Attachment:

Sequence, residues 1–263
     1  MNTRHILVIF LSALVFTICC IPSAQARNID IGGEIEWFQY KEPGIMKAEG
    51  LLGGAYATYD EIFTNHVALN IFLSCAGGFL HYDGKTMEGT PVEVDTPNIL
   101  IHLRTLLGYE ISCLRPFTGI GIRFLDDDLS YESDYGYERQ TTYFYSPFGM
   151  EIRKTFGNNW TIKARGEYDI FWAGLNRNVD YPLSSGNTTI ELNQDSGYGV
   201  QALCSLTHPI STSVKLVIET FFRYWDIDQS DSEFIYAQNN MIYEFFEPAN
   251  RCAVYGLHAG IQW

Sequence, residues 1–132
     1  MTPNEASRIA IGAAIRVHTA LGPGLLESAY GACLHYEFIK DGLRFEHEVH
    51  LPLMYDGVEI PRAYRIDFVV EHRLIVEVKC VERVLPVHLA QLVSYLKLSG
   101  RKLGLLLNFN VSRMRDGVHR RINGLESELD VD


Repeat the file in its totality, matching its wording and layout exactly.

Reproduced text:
Sequence, residues 1–263
     1  MNTRHILVIF LSALVFTICC IPSAQARNID IGGEIEWFQY KEPGIMKAEG
    51  LLGGAYATYD EIFTNHVALN IFLSCAGGFL HYDGKTMEGT PVEVDTPNIL
   101  IHLRTLLGYE ISCLRPFTGI GIRFLDDDLS YESDYGYERQ TTYFYSPFGM
   151  EIRKTFGNNW TIKARGEYDI FWAGLNRNVD YPLSSGNTTI ELNQDSGYGV
   201  QALCSLTHPI STSVKLVIET FFRYWDIDQS DSEFIYAQNN MIYEFFEPAN
   251  RCAVYGLHAG IQW

Sequence, residues 1–132
     1  MTPNEASRIA IGAAIRVHTA LGPGLLESAY GACLHYEFIK DGLRFEHEVH
    51  LPLMYDGVEI PRAYRIDFVV EHRLIVEVKC VERVLPVHLA QLVSYLKLSG
   101  RKLGLLLNFN VSRMRDGVHR RINGLESELD VD